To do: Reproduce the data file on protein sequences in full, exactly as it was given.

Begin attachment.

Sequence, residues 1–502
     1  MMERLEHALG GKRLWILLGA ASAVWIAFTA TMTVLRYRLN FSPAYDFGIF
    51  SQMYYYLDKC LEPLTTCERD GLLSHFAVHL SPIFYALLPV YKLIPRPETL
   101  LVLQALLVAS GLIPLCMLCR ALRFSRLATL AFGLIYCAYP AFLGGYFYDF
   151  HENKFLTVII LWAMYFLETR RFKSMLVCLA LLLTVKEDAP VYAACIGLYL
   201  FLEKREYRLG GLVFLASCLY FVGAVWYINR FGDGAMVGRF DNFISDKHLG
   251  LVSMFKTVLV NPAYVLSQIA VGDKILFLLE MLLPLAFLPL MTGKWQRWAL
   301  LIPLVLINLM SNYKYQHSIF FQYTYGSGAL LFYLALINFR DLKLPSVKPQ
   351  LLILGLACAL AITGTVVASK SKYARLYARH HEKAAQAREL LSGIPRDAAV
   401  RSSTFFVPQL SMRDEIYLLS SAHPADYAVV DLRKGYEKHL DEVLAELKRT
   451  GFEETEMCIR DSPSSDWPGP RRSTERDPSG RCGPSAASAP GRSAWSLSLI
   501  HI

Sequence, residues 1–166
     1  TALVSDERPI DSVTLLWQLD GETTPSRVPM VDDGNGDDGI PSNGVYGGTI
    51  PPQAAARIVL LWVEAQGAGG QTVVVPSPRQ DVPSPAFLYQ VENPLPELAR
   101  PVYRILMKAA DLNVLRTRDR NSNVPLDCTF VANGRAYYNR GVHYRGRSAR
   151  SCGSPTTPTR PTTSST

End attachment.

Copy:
Sequence, residues 1–502
     1  MMERLEHALG GKRLWILLGA ASAVWIAFTA TMTVLRYRLN FSPAYDFGIF
    51  SQMYYYLDKC LEPLTTCERD GLLSHFAVHL SPIFYALLPV YKLIPRPETL
   101  LVLQALLVAS GLIPLCMLCR ALRFSRLATL AFGLIYCAYP AFLGGYFYDF
   151  HENKFLTVII LWAMYFLETR RFKSMLVCLA LLLTVKEDAP VYAACIGLYL
   201  FLEKREYRLG GLVFLASCLY FVGAVWYINR FGDGAMVGRF DNFISDKHLG
   251  LVSMFKTVLV NPAYVLSQIA VGDKILFLLE MLLPLAFLPL MTGKWQRWAL
   301  LIPLVLINLM SNYKYQHSIF FQYTYGSGAL LFYLALINFR DLKLPSVKPQ
   351  LLILGLACAL AITGTVVASK SKYARLYARH HEKAAQAREL LSGIPRDAAV
   401  RSSTFFVPQL SMRDEIYLLS SAHPADYAVV DLRKGYEKHL DEVLAELKRT
   451  GFEETEMCIR DSPSSDWPGP RRSTERDPSG RCGPSAASAP GRSAWSLSLI
   501  HI

Sequence, residues 1–166
     1  TALVSDERPI DSVTLLWQLD GETTPSRVPM VDDGNGDDGI PSNGVYGGTI
    51  PPQAAARIVL LWVEAQGAGG QTVVVPSPRQ DVPSPAFLYQ VENPLPELAR
   101  PVYRILMKAA DLNVLRTRDR NSNVPLDCTF VANGRAYYNR GVHYRGRSAR
   151  SCGSPTTPTR PTTSST